For Review: Inaccessibility of CAPTCHA Working Draft
Inaccessibility of CAPTCHA is being reviesd and updated. A Working Draft is available for review. Since the last publication, the abilities of robots to defeat CAPTCHAs has increased, and new technologies to authenticate human users have come available. This update brings the document up to date with these new realities. For more information, see the blog post Updated and extensively revised “Inaccessibility of CAPTCHA” Published. Please submit any comments by 31 July 2018.
WCAG 2.1 is a Web Standard “W3C Recommendation”
Web Content Accessibility Guidelines WCAG 2.1 was published today as a “W3C Recommendation” web standard. All requirements (“success criteria”) from 2.0 are included in 2.1. There are additional success criteria in 2.1. They are introduced in What’s New in WCAG 2.1. For information about this publication and next steps, see the blog post WCAG 2.1 is a W3C Recommendation.
W3C WAI Website and Resources Redesigned
The redesigned W3C WAI website makes it easier to get information to help you improve web accessibility. The visual design, information architecture, navigation, and overall user experience is all new. Much of the content is revised, and we plan to revise more in the coming months. The redesign makes it easier to skim pages, read content, find specific information, and discover new resources. It’s also easier for the community to be involved in improving resources. Please see W3C WAI Website Redesign Information for:
- Planned Changes and Known Issues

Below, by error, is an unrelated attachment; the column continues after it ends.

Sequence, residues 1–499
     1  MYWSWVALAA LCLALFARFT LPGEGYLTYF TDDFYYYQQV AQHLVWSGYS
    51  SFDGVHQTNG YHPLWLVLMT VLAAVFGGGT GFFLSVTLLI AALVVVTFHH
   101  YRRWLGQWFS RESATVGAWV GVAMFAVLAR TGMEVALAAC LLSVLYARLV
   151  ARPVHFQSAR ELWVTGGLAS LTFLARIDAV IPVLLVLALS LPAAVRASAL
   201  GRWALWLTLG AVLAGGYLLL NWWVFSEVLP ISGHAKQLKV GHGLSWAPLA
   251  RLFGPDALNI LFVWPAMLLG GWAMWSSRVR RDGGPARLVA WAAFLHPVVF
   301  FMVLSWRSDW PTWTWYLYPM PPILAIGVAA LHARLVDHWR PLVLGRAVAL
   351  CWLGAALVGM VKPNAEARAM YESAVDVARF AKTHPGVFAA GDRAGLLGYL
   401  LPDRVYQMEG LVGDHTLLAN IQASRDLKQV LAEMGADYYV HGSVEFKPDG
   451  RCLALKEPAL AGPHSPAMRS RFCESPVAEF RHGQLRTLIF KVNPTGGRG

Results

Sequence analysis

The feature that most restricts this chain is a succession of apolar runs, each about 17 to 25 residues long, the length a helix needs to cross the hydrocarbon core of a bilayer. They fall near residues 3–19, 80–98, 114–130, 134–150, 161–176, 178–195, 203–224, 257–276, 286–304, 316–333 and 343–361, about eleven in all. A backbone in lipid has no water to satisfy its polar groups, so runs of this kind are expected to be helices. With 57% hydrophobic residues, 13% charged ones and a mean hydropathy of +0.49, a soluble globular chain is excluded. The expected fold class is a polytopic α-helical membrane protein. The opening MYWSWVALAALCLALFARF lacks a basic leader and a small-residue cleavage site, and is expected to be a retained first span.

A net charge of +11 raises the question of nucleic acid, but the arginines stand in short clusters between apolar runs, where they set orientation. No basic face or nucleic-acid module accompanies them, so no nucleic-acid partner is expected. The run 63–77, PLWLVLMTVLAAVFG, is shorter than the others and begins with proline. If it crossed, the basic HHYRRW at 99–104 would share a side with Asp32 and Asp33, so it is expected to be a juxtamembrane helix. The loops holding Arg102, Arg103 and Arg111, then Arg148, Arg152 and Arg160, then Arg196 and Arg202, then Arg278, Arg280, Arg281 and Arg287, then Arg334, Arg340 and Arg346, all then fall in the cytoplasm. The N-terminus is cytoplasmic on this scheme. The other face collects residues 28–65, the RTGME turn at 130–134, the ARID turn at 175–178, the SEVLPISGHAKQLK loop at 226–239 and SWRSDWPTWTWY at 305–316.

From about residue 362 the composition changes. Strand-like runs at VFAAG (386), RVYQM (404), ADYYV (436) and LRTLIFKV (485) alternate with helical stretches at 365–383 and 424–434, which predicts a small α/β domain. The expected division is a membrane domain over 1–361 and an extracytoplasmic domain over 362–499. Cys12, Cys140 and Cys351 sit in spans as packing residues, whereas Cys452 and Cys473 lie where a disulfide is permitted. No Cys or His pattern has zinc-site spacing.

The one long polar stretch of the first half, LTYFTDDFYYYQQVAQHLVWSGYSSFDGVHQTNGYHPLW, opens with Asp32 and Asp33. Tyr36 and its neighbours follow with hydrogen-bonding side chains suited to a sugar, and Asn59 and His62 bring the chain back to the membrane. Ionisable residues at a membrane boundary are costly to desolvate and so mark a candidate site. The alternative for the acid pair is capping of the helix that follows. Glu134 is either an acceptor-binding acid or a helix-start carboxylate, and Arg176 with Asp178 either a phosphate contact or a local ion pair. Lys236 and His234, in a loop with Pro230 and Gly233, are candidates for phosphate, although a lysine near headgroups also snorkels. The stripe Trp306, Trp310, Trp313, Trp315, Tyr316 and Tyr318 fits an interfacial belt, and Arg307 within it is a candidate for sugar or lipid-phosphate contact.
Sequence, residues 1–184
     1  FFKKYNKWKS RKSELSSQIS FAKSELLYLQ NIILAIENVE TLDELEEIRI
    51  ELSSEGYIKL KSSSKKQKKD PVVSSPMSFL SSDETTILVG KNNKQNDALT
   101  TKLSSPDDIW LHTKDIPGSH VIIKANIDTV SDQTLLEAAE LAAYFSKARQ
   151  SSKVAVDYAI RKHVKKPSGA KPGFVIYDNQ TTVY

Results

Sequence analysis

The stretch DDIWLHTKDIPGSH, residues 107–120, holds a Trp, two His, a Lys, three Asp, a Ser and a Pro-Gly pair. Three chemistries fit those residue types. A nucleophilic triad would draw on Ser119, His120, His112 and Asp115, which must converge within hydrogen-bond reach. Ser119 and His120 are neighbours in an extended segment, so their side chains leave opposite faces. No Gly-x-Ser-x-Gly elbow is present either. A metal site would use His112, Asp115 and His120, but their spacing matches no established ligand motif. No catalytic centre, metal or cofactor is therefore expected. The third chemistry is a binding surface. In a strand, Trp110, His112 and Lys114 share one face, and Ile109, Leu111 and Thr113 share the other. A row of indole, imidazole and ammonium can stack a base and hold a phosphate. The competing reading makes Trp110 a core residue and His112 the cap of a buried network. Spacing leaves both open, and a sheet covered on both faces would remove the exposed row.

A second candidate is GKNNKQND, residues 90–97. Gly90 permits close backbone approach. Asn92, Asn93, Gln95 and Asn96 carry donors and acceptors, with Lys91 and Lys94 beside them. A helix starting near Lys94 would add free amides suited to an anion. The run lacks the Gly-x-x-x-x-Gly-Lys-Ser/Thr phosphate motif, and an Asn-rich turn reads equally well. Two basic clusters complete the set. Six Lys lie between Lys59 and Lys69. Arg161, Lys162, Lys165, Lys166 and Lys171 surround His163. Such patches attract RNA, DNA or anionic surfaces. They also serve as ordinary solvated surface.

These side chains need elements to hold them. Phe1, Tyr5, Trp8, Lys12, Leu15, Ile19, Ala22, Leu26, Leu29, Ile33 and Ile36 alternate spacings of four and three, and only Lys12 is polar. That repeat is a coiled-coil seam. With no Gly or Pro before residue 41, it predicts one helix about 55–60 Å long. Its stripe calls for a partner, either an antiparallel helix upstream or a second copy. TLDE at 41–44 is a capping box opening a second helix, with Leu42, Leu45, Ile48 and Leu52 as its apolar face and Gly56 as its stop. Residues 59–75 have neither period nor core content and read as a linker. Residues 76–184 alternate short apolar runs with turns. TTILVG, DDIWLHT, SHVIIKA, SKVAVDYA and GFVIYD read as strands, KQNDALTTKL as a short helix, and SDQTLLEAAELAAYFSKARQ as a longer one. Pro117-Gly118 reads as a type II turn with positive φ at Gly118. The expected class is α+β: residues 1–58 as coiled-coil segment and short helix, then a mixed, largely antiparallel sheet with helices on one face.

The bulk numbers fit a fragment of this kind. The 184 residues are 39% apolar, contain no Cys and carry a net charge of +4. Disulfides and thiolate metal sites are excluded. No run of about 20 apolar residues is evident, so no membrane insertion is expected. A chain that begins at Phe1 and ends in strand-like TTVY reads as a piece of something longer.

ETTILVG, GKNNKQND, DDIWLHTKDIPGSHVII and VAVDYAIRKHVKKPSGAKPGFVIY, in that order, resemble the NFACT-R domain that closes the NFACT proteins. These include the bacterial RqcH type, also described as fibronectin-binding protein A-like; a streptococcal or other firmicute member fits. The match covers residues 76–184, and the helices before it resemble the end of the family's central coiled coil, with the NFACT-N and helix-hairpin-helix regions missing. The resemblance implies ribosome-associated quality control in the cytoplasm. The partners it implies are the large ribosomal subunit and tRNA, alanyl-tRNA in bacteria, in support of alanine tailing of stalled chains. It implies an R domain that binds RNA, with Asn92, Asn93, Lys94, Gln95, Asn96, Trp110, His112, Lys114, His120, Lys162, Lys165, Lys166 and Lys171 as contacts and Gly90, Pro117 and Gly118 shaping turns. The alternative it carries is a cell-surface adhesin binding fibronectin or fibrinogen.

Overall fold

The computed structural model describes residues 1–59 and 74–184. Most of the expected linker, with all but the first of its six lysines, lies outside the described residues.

- How to Comment
Candidate Recommendation: WAI-ARIA Graphics Module and Graphics Accessibility API Mappings
The ARIA WG has published WAI-ARIA Graphics Module 1.0 and Graphics Accessibility API Mappings 1.0. The Working Group targets 27 April 2018 to complete the testing process and produce the implementation report.
For Wide Review: Accessible Name and Description Computation
The ARIA WG has published a wide review draft of Accessible Name and Description Computation 1.1. This document describes how user agents determine the names and descriptions of accessible objects, where information comprising that name can come from various characteristics of the content, in order to lead to a consistent result across implementations. The document previously included Accessibility API Mappings, which have been moved to Core Accessibility API Mappings, so this document only describes the procedure to determine accessible name and description, not how to expose it. Please comment by 13 April 2018.
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